June 4, 2019

Today's Top Alzheimer's News


A May 30, 2019 UsAgainstAlzheimer’s blog post spotlighted the second edition of Brain Health Equity Insights, addressing brain health equity and research. This platform takes an intersectional approach to brain health disparities through community engagement, research, health practice and policy. The focus is building the learning network, and making equal access a main priority in the national conversation about Alzheimer’s disease and brain health.

A May 30, 2019 Swedish Care International video, from their Dementia Forum X event in Stockholm, showcased UsAgainstAlzheimer’s/ WomenAgainstAlzheimer’s Swedish launch of the #BeBrainPowerful campaign. UsA2’s Founding Board Member Meryl Comer speaks about the importance of women’s brain health, accompanied by Professor Miia Kivipelto, Sarah Lenz Lock of AARP, and Anna Månströmer of ASSA ABLOY.


A June 3, 2019 Science Daily article highlighted research from the University of Bergen about DNA-based proof showing the connection between gingivitis (gum disease) and Alzheimer’s. Gingivitis on its own does not cause AD, but its presence substantially raises the risk and hastens progression. According to researcher Piotr Mydel, “We have managed to develop a drug that blocks the harmful enzymes from the bacteria, postponing the development of Alzheimer´s. We are planning to test this drug later this year.” Also covered by Technology Networks.  


A new whitepaper from Antidote, “Patients Have a Type,” explored disparities in preferences for participating in clinical trials. It focuses on how race and ethnicity affect participation in different types of trials, better assessment to determine if trial design meets patient needs, if condition area impacts participation, and improving patient recruitment outcomes. According to the whitepaper, “Our survey results suggest that it’s not a lack of interest in research that slows down patient recruitment. Instead, research teams and recruitment companies may not cater their outreach in a way that contextualizes clinical trial opportunities for patients and gives them the information they need to feel con dent about volunteering.”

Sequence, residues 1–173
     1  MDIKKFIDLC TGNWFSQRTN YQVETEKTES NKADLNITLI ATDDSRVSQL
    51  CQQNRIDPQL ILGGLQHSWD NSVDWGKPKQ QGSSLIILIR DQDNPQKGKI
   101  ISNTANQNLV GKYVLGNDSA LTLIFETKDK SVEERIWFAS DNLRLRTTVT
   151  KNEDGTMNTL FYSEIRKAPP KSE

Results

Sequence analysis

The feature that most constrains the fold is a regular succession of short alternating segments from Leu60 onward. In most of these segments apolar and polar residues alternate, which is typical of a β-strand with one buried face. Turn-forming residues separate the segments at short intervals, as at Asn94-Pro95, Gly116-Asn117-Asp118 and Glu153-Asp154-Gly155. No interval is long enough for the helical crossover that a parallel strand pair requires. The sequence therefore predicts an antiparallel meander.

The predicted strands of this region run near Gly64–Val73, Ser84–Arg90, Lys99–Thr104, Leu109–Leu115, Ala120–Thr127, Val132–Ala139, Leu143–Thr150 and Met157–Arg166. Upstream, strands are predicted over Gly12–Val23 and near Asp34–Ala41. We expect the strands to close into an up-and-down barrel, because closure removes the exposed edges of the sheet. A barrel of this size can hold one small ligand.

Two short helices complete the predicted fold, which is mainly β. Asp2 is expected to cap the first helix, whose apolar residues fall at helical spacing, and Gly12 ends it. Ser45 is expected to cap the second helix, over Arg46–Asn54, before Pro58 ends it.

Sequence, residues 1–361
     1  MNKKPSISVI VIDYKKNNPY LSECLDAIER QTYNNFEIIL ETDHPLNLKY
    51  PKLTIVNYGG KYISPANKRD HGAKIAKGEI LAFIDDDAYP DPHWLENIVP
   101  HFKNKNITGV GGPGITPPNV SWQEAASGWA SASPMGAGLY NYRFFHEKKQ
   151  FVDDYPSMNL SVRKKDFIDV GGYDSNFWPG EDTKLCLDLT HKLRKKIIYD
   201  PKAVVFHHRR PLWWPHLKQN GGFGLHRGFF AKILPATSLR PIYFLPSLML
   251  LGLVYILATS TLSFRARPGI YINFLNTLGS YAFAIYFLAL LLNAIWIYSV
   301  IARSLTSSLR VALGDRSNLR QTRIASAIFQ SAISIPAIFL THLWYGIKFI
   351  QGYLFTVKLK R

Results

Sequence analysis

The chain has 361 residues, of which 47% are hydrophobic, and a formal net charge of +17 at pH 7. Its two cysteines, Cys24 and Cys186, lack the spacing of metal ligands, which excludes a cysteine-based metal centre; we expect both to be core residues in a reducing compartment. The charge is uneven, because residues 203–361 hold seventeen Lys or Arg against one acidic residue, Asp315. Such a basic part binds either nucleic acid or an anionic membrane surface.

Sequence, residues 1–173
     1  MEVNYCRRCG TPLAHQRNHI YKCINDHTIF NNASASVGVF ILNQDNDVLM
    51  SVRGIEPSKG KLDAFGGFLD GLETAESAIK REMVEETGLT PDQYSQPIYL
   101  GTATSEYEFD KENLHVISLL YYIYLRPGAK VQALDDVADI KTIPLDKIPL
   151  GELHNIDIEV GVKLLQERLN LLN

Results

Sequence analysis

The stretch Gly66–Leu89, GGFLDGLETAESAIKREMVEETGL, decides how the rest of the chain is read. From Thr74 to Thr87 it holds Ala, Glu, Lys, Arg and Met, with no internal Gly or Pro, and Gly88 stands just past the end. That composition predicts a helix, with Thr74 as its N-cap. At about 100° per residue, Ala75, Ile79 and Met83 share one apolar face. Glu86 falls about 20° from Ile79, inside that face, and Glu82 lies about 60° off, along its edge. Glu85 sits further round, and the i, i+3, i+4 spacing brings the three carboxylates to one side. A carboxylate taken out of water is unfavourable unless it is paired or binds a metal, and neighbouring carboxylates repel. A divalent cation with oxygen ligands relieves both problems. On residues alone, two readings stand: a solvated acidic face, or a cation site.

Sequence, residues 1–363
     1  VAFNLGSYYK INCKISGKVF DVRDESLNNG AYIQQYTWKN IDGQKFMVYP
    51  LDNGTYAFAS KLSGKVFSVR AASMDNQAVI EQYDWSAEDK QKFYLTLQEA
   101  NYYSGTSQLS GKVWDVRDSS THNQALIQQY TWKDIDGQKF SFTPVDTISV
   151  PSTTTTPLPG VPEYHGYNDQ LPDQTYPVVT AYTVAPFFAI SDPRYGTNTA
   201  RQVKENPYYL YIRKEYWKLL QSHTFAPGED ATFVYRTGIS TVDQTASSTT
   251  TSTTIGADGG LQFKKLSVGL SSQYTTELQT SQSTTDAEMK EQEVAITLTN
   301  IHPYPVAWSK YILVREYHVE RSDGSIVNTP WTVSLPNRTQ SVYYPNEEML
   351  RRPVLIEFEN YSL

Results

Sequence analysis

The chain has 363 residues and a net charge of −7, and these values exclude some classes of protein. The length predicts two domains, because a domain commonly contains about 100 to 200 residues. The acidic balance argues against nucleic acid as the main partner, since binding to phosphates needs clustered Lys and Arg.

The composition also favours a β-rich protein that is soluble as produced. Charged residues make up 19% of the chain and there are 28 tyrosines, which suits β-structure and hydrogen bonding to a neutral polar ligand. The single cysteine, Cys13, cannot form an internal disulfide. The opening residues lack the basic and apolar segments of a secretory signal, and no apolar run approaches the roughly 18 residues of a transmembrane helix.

A May 30, 2019 Yahoo! Finance article spotlighted Altoida's artificial intelligence and machine learning platform to help detect Alzheimer's disease. The FDA-cleared medical device and brain health data platform can diagnose AD up to ten years prior to onset, with up to 94% accuracy. “Today's diagnostic methods are either outdated, costly and invasive, or highly nuanced. We are taking aim at this acute problem with a fast, fun, accurate and scalable AI-driven solution that collects digital biomarkers to predict the onset of Alzheimer's as early as ten years before symptoms appear - we like to call them 'micro errors'. Our software or app is designed to be used by a wide range of healthcare professionals, from primary care physicians (GP's) to neurologists to insurance companies, in order to make early detection accessible to more people around the world…” said Altoida lead Dr. Richard Fischer.